What is a plant disease?
A plant disease is defined as abnormal growth of the plant, or interference with the normal function of the plant.
3 conditions must exist in order for a disease do develop:
- There must be a host plant, i.e. the plant has to be susceptible to the disease.
- A pathogen (virus, bacteria, fungus or parasite) must reach the host.
- The environmental conditions must be favorable for the development of the disease.
Cultural practices can affect, to some extent, some of the above conditions.
An important part of the identification process is having a thorough knowledge of :
- The conditions that might lead to the occurrence of the disease.
- The susceptibility of the plant.
- Common symptoms and signs.
- The disease life cycle.
- The environmental conditions that the disease favors.
SIGNS AND SYMPTOMS
Diseases have symptoms and causes, and in some cases may also have signs.
Signs are an actual, physical evidence of the pathogen. For example, spores of powdery mildew, mycelial growth of Sclerotinia Sclerotiorum.
Symptoms are abnormal changes in the plant growth or appearance.
Examples of symptoms:
- Leaf yellowing, discoloration
- Leaf spots
- Spores on leaves (white, black, brownish)
- Stem rot
- Fruit distortion
- Leaf curling, distortion
- Fruit rot
- Root rot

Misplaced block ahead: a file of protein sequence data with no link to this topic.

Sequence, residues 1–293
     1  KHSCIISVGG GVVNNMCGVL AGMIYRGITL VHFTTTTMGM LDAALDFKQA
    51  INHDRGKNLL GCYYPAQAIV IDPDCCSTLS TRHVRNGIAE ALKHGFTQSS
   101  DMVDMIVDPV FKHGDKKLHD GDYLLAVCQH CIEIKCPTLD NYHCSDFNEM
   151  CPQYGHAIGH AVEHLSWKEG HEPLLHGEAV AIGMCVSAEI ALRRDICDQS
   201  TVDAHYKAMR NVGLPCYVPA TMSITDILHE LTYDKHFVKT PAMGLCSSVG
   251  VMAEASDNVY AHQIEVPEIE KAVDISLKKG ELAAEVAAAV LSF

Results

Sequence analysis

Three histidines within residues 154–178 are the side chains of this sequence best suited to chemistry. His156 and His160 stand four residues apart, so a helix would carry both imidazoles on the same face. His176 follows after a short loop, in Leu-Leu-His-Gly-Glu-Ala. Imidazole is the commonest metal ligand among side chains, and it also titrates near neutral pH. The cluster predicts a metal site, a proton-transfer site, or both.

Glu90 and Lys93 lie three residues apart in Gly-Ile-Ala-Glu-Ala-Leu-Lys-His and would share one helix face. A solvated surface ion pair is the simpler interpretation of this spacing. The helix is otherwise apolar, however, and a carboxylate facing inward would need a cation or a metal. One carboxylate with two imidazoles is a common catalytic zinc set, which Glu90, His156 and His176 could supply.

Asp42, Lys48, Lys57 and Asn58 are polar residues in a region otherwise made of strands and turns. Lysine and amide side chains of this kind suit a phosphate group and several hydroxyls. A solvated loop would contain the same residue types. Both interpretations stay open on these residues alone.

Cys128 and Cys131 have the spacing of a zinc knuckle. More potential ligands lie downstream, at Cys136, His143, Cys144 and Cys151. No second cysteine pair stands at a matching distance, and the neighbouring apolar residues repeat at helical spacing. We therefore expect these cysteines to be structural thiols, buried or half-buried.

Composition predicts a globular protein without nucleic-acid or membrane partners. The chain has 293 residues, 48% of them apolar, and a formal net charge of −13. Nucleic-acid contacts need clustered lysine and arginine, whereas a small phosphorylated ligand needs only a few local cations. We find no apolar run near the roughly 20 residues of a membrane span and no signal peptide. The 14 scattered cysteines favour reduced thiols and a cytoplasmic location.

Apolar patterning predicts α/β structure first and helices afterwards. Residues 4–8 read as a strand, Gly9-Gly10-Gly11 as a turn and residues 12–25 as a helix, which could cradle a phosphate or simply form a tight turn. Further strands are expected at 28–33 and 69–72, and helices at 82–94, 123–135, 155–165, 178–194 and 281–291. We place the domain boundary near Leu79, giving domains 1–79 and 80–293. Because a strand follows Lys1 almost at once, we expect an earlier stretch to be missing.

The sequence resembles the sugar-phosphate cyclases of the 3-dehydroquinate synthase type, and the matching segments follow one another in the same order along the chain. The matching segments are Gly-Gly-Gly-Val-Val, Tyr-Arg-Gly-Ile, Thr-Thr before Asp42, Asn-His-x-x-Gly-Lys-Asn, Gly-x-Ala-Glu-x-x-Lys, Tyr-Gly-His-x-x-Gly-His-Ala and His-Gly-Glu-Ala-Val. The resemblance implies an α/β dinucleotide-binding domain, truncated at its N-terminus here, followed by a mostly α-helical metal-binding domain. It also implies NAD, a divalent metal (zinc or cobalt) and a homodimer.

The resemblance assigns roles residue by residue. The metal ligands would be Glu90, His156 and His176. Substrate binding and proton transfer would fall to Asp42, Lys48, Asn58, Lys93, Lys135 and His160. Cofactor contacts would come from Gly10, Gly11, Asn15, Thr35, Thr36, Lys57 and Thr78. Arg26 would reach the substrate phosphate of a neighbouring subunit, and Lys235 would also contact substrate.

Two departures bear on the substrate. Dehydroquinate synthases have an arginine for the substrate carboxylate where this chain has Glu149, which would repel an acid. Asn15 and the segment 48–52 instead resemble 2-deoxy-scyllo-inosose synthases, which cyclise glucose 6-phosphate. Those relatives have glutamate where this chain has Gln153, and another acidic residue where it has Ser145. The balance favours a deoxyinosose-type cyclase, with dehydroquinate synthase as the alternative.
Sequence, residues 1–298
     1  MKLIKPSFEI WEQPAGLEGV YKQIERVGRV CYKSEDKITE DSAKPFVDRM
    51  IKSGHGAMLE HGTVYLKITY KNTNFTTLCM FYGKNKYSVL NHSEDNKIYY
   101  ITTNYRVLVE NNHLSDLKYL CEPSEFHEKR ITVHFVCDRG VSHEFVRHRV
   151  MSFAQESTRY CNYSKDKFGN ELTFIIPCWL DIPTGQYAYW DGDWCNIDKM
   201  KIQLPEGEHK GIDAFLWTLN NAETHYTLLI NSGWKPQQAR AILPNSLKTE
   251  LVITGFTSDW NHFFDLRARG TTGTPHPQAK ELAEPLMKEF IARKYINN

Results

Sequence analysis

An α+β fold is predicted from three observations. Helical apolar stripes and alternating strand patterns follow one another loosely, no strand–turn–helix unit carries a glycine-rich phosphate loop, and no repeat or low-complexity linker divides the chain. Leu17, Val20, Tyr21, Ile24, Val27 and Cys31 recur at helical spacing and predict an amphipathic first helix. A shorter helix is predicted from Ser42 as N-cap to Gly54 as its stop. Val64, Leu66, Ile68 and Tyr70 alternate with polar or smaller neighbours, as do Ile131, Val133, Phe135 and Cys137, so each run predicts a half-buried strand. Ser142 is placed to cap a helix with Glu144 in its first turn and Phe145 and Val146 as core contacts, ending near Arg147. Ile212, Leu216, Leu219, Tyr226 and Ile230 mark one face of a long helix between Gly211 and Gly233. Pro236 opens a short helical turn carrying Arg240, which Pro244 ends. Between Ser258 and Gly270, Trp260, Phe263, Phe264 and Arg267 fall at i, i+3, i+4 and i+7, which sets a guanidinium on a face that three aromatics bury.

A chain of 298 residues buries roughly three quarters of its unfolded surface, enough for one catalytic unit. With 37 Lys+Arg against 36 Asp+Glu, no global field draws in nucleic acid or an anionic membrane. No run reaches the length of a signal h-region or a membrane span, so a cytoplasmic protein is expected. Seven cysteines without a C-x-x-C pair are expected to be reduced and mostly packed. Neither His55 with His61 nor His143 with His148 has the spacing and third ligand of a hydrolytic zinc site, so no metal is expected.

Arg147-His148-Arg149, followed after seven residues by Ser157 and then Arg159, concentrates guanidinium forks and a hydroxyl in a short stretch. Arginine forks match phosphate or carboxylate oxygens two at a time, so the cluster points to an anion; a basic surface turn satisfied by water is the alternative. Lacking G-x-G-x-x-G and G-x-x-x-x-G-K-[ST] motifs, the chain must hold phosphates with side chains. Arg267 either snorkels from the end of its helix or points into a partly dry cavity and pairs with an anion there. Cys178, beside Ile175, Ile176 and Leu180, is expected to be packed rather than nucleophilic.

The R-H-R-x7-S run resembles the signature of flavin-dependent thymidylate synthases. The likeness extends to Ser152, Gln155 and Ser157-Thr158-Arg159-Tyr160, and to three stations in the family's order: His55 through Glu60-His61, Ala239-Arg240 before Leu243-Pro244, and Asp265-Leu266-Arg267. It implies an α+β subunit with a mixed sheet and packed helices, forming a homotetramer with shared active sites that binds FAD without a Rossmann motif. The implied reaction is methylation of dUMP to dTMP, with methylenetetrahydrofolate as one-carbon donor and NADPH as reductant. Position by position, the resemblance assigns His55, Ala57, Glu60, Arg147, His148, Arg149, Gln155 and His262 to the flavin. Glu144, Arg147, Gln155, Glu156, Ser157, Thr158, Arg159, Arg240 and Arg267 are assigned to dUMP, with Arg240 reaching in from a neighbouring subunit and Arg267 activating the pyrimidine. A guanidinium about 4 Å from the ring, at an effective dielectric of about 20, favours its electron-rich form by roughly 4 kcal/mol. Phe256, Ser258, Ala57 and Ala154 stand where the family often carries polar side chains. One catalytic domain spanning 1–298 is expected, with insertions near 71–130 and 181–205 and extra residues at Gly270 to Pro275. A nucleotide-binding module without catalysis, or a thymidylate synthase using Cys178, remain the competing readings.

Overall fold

- Stunted plant
It is important to keep in mind that different plants may express different symptoms in a response to the same pathogen and vice versa – many symptoms are not specific and can occur as a response to different causes.
Many times, symptoms caused by biotic and abiotic causes can appear very similar.
For example, wilting can be a result of lack of water or a result of root/stem disease.
PLANT DISEASE CAUSES
Note that Symptom ≠ Cause.
Symptoms can be a result of biotic (living organisms) or abiotic causes.
When the cause is biotic, we call it a Disease.
When the cause is abiotic, we usually refer to it as a Disorder.
Abiotic causes include temperature, wind, chemical damage from a pesticide, nutritional deficiencies, salinity, overwatering etc. Abiotic causes can lead to a disease, by weakening the plant and making it more vulnerable to pathogens and therefore more susceptible to diseases.
Biotic causes include fungi, bacteria viruses and nematodes.
Identifying the cause is essential in order to be successful in disease management. In many cases, a combination of causes occur, what makes the identification more complex. Once one disease occurs, it is easier for other secondary diseases, to attack the plant. Therefore, it is important to identify the primary and secondary causes.
Damage caused by an abiotic cause, does not spread from plant to plant.
Diseases which have a biotic cause, can spread to adjacent plants and even to plants that are far apart (e.g.by pests, wind, water, tools and cloths).
Examples of fungal diseases with symptoms on leaves:
Lettuce, onion, brassicas, roses, cucurbits, pea, spinach, ornamentals
Brassicas – cabbage, radish, turnips, cauliflower, broccoli, brussels sprouts
Tomato early blight
Septoria leaf spot
|Septoria lycopersici||Tomato, eggplant, potato|
|Various- host specific|
Wide range, tomato
Examples of fungal diseases that affect roots and crown
Fusarium wilt, F. root rot
|Fusarium oxysporu, F. solani|
Wide range of vegetables and flowers
Wide range of crops, tomato
Rhizoctonia root rot
|Rhizoctonia solani and others|
Examples of bacterial diseases:
Crown Gall disease
Bacterial canker (tomato)
Bacterial leaf spot, bacterial soft rot, bacterial blight
|Bacterial wilts, leaf spot, bacterial blight|